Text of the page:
Dale Tuggy: Are the Persons of the Trinity “Selves”?

   Posted by: Rob Bowman   in Trinity

In Dale Tuggy’s response earlier today to my previous post, he says, “Bowman reproduces the common theological saying that the ‘Persons’ of the Trinity are not ‘persons in the modern sense,’ that is, what I call ‘selves.’” This is not accurate. I never said anything about whether the Persons of the Trinity are “persons in the modern sense.” Neither the word modern nor any synonym appeared in my post. What I said was that the term was and is used analogously rather than univocally. This is as true of the ancient Greek word hypostasis or the ancient Latin word persona as it is of the modern English word person. Nor did I deny that the three Persons might be called “selves” but rather emphasized that it depended on precisely how such a term is understood.

This misunderstanding leads Dr. Tuggy to critique my position on the grounds that it is incompatible with certain NT teachings that are actually quite important to my understanding of the doctrine of the Trinity. Let’s look at these NT teachings briefly.

Dr. Tuggy points out that Christ’s role as the “mediator” between God and man requires three parties or “selves” as he puts it—God, Christ, and the human in need of reconciliation to God. Well, yes, at least in some fashion. It’s a bit more complicated than that, because Jesus clearly is a human and at the same time he is the mediator on behalf of humanity (1 Tim. 2:5). You can see where I as an orthodox Christian would go from that insight: Christ functions as the mediator precisely because he is both God and man. But the point of immediate relevance here is that I agree that Christ is someone other than God the Father, and he is also someone other than the human beings who are estranged from God and in need of someone to reconcile them to God.

Dr. Tuggy also points out that in the NT Jesus and the Father talk to each other, have a friendship with each other, and that the Father tells the Son what to do and the Son obeys. “Statements like these presuppose that God is a self, and that Jesus is a self, and that they are two different selves, and not the same one.” My only objection to this conclusion is that Dr. Tuggy understands self as equivalent to entity or being, as requiring that the two be bounded or separated ontologically as two beings. But I agree with his point, which can be restated in this way: the Father is someone, the Son is someone else, and the Son is not the Father. Indeed, this is essential to the doctrine of the Trinity, which is why I devote a web page of my outline study on the Trinity to defending the proposition that “The Father, Son, and Holy Spirit Are Each Someone Distinct from the Other Two.” In that part of the study I point out that the Father sent the Son, that the Father and the Son love each other, speak to each other, and know each other, and that the Son is our Advocate with the Father (1 John 2:1). That last point, of course, is equivalent to Paul’s teaching that Christ is the mediator between God and human beings. So when Dr. Tuggy emphasizes that the Father and the Son are two “selves,” the NT teaching to which he appeals plays an integral role in the doctrine of the Trinity.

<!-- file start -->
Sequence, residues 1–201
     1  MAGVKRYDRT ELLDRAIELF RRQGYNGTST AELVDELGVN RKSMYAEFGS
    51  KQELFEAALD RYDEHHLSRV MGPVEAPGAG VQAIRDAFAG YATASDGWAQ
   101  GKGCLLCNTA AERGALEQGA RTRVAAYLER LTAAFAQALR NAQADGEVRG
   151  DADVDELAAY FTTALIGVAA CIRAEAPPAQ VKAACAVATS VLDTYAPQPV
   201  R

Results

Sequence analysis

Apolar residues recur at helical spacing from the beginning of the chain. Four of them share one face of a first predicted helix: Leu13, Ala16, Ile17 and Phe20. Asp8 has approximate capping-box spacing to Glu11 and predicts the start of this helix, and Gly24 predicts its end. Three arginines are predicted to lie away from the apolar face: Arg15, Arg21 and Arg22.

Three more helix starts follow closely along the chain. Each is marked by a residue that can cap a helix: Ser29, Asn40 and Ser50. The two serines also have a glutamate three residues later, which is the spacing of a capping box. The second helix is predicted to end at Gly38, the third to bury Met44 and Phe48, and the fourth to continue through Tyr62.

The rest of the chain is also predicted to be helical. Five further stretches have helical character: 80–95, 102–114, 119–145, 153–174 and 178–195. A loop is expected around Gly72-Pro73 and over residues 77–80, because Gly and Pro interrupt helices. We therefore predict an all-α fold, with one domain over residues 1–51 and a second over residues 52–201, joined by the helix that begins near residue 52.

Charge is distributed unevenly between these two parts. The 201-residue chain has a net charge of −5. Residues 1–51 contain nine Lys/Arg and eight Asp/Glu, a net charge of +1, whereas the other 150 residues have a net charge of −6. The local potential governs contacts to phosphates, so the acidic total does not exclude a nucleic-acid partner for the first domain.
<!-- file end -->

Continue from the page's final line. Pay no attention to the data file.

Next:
In Dr. Tuggy’s view, if the Father and the Son are two “selves” then they are “two beings, and not two modes (personalities, etc.) of one being.” Again, much depends on how one defines terms. I maintain that the Father and the Son are two Persons, which I have defined as two “loci of relationality,” within the one divine Being. (Loci is the plural of locus and refers to points in terms of which a whole is defined, such as the two foci of a classic ellipse.) The divine loci of relationality are not “less than selves,” as Tuggy interpreted me to mean, but are if anything more than finite, individuated human selves. The Persons of the Trinity are fully relational, fully engaged in knowing, loving, and honoring one another, and in a way that transcends our capacities and our comprehension. Their mutuality transcends that among finite creatures because the triune God is one infinite Being, unbounded by the natural boundaries of human selfhood that circumscribe the extent to which we can know someone else.

That Dr. Tuggy has badly misinterpreted my understanding of the Trinity is patent from an illustration he gives. He compares Paul’s salutations (“Grace to you and peace from God our Father and the Lord Jesus Christ”) on a Trinitarian reading to a Christmas card signed “Merry Christmas from the President of the USA, and from Barack Obama.” This is a great illustration—but it illustrates a problem with the Oneness Pentecostal doctrine of God (a modern counterpart to ancient monarchianism or modalism), not with the doctrine of the Trinity. In Trinitarianism, the Father is someone genuinely other than the Son, not another designation for the same someone.

Whenever a critic of the doctrine of the Trinity uses such an illustration, I relax. The criticism has missed its target.

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This entry was posted on Wednesday, September 10th, 2014 at 10:34 am and is filed under Trinity. You can follow any responses to this entry through the RSS 2.0 feed. You can leave a response, or trackback from your own site.

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  1. continuing the conversation with Robert Bowman – different selves, same being? | Trinities    Sep 11 2014 / 4pm:

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